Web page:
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Welfare cut costs must not ‘simply transfer’ to other services - CIPFA

The costs of delivering the government’s £12bn cuts to direct welfare must not simply be transferred to other public services and the third sector, the Chartered Institute of Public Finance and Accountancy (CIPFA) has warned. 

During yesterday’s Summer Budget, the chancellor issued a wave of sweeping cuts to the welfare system that “will reduce the welfare bill by £9bn a year by 2019-20” – a slower pace of welfare cuts than pledged in the Tory manifesto. 

His main welfare announcements include a “youth obligation” for those aged 18-21 that says they must either “earn or learn”, rather than going straight on to benefits after leaving school. 

The government is also abolishing the automatic entitlement to housing benefit for 18-21 year olds. However, there will be exceptions made for “vulnerable people” and “other hard cases”. 

Those claiming the working element of Employment and Support Allowance (ESA) will see payments reduced, to match Job Seekers Allowance (JSA). 

The benefit cap will be reduced from £26,000 a year to £23,000 a year in London, and £20,000 in the rest of the country.  And there will be a freeze in working age benefits for four years. 

From next year, the government will reduce the level of earnings at which a household’s Tax Credits and Universal Credit start to be withdrawn. The income threshold in tax credits will be reduced, from £6,420 to £3,850. 

Universal Credit work allowances will be similarly reduced – and will no longer be awarded to non-disabled claimants without children. 

Alongside the freeze in working-age benefits, the government will reduce rents in social housing in England by 1% a year for four years, requiring Housing Associations and local authorities to deliver efficiency savings.

The government also believes that those on higher incomes should not be subsidised through social rents. Therefore, social housing tenants with household incomes of £40,000 and above in London, and £30,000 and above in the rest of England, will be required to “Pay to Stay”, by paying a market or near market rent for their accommodation.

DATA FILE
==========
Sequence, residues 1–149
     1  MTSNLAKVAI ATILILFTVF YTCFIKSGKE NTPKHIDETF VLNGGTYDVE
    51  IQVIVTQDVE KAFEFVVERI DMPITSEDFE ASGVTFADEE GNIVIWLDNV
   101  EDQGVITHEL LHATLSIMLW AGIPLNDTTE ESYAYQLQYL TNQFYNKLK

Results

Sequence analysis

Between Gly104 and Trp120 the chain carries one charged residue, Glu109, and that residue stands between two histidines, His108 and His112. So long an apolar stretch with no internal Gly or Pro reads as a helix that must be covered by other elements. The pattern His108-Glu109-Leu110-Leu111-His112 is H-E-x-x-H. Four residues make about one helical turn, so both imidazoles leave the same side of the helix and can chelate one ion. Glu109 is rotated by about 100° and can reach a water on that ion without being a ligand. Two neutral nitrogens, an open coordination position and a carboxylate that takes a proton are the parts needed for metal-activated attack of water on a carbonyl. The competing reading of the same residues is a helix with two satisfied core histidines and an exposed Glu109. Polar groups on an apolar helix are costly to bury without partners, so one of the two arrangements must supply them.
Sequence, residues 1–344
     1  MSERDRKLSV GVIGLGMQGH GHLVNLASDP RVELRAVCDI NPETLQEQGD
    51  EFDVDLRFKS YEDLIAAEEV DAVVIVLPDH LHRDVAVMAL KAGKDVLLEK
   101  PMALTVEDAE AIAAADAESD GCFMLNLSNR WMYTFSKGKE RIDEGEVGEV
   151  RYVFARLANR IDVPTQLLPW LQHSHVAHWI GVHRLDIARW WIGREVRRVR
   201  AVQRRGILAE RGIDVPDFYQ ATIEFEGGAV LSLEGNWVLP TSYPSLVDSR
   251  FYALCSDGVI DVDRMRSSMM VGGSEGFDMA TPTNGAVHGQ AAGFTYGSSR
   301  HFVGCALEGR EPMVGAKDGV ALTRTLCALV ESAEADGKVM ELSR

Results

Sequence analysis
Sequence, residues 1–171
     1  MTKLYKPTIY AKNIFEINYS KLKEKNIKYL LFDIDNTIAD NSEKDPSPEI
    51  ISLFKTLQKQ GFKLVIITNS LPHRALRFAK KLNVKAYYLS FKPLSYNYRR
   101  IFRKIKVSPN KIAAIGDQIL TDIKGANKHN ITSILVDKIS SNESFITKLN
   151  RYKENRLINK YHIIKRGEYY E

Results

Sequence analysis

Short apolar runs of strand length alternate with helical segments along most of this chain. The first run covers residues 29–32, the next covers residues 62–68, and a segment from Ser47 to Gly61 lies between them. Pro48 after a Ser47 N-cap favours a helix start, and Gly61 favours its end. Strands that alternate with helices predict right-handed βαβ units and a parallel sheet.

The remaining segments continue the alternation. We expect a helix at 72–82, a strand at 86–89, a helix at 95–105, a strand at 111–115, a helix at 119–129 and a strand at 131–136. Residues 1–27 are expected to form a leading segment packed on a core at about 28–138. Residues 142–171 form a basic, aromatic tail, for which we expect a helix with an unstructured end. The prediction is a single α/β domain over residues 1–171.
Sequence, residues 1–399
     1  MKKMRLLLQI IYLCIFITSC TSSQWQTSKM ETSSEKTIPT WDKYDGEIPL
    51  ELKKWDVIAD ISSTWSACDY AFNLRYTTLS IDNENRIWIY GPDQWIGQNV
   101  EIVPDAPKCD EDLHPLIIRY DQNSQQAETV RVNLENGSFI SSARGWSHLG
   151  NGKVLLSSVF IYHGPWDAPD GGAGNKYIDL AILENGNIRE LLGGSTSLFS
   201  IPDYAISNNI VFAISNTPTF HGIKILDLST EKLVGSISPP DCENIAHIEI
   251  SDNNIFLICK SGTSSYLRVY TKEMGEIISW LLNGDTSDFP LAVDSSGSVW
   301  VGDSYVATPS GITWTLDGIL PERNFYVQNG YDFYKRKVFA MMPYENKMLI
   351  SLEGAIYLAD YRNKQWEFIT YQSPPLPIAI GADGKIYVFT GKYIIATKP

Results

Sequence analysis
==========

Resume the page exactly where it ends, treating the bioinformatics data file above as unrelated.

Osborne said: “Taken together, all the welfare reforms I have announced will save £12bn by 2019-20 and will be legislated for in the year ahead, starting in the Welfare Reform and Work Bill that will be published tomorrow.” 

CIPFA chief executive Rob Whiteman said the scale and pace of the cuts were “ambitious”. But he added that central government will need to work across the public sector to ensure that protection for those most in need is maintained. 

Whiteman added that the reforms to social housing will be of “real concern”. “If government want to truly tackle substantial increases in the Housing Benefit bill they must also look beyond the social housing sector and should address the rising cost of rents in the private sector,” he said. 

Cllr Gary Porter, chairman of the Local Government Association, stated that local authorities welcome the principle of any additional powers to set differential rent levels based on local circumstances and housing markets, but “these must remain affordable for those in work but on a low income”. 

He said: “Ultimately the devil will be in the detail and we are now asking government to work with us to make sure the details of the policy are workable and can have the greatest potential benefits to all of our communities.” 

Julia Unwin, chief executive of the Joseph Rowntree Foundation, noted that the chancellor is right to focus on building a prosperous UK with higher pay and lower welfare and the role of raising pay and productivity to achieve this. 

“The £12bn cuts to welfare have however been targeted at low-income working families, most of whom rely on tax credits to make work pay,” she added. “We need a credible long-term plan to make work more secure, build more affordable homes and lower essential bills, or times will simply get tougher for those on low incomes.” 

Paul Dossett, head of local government at Grant Thornton UK LLP, commented that the welfare, including the reduction in household benefit caps and social housing rents, will be dependent on the economy growing to provide the jobs suggested by the chancellor. 

“If these jobs are not available to all localities, there will undoubtedly be increased pressures on local authority services at a time of further local government funding reductions,” he noted. 

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